Another tool / service I've come across on the design side of web development is Typekit. Typekit is a font hosting service that allows you to retrieve web fonts and render text with those fonts instead of using Flash or images. I recently noticed severe lag time on font rendering for one of our Spree clients. I was curious about font hosting services, specifically regarding the accessibility, usage, and payment options. Typekit offers four different plans. The lowest plan is free, allows 2 fonts to be used on one site, and the font selection is limited. The highest price-point plan gives you full font library access and can use an unlimited number of fonts on an unlimited number of sites in addition to a few other features.

A "kit" I created for use on a personal site.

I signed up for a free Typekit account and created a "kit" with 2 fonts to be used on my personal site. After publishing my kit, I implement the kit by including some Javascript (shown below), and adding my typekit classes (tk-fertigo-script and tk-ff-enzo-web) to the regions where the kit fonts should apply.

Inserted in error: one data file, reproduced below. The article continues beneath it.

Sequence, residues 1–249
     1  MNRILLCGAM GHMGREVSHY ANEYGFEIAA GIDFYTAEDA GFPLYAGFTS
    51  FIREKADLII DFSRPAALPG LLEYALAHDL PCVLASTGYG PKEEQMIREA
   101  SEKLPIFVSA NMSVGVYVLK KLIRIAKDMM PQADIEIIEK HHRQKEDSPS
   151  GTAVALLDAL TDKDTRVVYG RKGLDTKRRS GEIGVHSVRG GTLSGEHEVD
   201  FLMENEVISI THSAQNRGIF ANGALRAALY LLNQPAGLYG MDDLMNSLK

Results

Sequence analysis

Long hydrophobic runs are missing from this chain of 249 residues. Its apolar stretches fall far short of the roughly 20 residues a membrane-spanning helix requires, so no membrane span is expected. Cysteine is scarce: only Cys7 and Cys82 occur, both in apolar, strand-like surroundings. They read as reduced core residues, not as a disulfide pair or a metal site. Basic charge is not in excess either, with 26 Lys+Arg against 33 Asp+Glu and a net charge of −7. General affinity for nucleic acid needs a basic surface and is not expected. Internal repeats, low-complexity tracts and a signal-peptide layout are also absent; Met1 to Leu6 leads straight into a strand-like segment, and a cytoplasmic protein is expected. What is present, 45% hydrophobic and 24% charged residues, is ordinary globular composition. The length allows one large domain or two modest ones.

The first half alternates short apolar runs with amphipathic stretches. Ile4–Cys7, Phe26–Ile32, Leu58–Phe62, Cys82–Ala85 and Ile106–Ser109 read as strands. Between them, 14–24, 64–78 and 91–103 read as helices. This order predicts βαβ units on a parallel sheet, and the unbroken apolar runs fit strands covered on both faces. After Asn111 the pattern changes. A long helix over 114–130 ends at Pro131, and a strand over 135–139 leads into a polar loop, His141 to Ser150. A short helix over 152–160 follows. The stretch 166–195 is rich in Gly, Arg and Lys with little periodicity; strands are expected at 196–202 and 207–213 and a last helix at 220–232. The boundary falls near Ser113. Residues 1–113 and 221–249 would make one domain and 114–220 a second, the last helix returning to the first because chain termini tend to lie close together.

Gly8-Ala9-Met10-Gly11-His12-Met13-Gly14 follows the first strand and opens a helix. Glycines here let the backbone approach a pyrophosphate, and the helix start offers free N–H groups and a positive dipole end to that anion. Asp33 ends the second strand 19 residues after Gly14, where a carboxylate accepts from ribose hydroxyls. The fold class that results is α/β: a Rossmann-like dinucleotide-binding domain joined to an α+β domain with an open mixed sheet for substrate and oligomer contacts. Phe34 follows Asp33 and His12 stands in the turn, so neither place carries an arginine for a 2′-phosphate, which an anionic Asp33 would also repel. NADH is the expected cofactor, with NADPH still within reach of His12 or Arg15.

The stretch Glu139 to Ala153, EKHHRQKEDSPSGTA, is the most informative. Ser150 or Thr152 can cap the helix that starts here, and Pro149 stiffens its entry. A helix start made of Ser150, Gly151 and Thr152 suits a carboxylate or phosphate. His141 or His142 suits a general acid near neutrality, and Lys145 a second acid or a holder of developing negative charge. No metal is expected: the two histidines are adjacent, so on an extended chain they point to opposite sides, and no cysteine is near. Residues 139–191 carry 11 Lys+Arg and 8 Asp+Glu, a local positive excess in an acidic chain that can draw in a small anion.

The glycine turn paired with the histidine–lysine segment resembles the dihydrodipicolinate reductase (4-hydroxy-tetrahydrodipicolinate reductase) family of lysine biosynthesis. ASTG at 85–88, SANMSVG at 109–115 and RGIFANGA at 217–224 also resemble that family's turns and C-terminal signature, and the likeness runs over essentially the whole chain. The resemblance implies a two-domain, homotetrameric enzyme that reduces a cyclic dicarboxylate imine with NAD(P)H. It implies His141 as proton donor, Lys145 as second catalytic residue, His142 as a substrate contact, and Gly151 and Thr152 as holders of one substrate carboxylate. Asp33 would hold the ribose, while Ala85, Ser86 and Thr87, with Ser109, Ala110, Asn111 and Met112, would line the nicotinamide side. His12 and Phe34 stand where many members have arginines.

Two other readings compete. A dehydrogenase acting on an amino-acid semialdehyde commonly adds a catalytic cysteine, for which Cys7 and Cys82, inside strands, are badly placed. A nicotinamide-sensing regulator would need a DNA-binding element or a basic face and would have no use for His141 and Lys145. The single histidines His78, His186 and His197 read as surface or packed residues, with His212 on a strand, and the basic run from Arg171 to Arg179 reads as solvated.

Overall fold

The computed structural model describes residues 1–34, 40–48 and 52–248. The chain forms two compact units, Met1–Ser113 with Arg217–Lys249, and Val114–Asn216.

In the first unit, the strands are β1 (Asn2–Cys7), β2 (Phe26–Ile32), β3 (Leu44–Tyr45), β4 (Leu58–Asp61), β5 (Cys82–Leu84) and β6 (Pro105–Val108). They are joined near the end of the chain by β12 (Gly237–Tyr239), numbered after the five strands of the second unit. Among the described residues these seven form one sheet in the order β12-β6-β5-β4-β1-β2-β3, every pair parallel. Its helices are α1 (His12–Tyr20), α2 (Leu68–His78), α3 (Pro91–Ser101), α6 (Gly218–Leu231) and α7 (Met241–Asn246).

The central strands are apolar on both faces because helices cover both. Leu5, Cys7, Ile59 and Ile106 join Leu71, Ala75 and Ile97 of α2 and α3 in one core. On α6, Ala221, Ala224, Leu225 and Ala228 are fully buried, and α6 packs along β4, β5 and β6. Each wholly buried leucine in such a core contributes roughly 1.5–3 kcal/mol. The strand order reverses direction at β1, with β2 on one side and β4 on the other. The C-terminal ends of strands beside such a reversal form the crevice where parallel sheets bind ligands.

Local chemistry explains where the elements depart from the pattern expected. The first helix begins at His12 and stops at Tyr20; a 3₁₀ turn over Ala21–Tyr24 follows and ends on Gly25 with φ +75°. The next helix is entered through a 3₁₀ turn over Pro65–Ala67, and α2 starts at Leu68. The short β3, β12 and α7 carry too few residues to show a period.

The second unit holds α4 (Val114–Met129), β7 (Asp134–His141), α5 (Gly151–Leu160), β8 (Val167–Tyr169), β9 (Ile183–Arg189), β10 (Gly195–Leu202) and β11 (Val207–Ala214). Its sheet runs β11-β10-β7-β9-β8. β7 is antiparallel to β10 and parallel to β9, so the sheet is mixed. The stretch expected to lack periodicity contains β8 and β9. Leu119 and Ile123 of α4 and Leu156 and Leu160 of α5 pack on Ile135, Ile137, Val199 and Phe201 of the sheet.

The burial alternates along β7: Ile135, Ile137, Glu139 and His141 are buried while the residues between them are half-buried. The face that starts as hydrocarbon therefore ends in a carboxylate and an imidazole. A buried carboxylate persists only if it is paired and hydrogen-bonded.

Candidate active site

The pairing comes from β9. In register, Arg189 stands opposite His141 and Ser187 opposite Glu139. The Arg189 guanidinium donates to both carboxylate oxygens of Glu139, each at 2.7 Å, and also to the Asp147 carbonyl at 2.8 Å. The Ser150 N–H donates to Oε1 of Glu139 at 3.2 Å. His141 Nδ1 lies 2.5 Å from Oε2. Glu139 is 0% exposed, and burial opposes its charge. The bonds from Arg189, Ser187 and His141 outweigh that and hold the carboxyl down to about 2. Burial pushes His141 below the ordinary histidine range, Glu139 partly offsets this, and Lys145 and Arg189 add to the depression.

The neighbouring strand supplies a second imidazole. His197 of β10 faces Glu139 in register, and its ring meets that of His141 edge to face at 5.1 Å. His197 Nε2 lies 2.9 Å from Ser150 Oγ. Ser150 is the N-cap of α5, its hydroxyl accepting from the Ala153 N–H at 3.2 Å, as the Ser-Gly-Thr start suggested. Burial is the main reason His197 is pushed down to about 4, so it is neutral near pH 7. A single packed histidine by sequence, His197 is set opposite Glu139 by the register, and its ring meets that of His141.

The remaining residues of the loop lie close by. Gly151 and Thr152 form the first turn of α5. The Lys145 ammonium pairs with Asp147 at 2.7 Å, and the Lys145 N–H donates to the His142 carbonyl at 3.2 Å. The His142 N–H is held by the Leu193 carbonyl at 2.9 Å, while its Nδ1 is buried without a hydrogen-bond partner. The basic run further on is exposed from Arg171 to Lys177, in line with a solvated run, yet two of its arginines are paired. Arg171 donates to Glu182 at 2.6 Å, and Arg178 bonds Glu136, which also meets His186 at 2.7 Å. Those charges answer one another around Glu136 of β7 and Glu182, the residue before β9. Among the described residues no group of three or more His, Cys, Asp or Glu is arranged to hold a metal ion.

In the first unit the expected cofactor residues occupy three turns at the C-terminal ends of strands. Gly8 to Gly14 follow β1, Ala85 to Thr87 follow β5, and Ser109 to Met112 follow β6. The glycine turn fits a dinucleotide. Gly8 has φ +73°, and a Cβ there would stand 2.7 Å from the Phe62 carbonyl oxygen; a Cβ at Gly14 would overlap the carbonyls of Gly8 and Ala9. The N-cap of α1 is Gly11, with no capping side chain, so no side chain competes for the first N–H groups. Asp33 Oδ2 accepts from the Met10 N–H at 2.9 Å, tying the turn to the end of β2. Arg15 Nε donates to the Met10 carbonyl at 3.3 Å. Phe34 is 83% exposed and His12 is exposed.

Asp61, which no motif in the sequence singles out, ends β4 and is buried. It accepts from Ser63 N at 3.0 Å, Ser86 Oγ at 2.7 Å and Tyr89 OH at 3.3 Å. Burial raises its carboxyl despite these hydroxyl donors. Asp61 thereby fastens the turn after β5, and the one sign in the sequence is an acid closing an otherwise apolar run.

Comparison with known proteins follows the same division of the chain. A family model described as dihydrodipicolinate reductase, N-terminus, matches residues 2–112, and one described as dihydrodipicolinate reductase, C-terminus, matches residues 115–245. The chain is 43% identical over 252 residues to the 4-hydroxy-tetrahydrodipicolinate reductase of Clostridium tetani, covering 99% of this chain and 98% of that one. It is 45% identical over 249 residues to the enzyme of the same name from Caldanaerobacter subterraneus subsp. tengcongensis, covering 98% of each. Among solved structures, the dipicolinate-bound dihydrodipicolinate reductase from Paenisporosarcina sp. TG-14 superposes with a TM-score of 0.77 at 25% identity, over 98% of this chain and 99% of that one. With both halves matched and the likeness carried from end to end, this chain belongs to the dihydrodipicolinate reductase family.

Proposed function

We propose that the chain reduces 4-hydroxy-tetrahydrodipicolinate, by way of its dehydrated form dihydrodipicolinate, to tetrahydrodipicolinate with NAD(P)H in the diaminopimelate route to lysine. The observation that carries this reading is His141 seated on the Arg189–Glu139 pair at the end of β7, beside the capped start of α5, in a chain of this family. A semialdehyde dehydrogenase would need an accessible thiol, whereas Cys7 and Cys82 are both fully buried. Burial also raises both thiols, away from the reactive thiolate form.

<script type="text/javascript" src="http://use.typekit.com/kitid.js"></script>
<script type="text/javascript">try{Typekit.load();}catch(e){}</script>

I was impressed by typekit's font rendering speed. There are several other font hosting services out there that offer similar paid plans. Regardless of which service is chosen, a hosted font service is an affordable way to use "pretty" fonts, have fast rendering speeds, and have a site with SEO-friendly text.

An example of Typekit in action.

Awesome Screenshot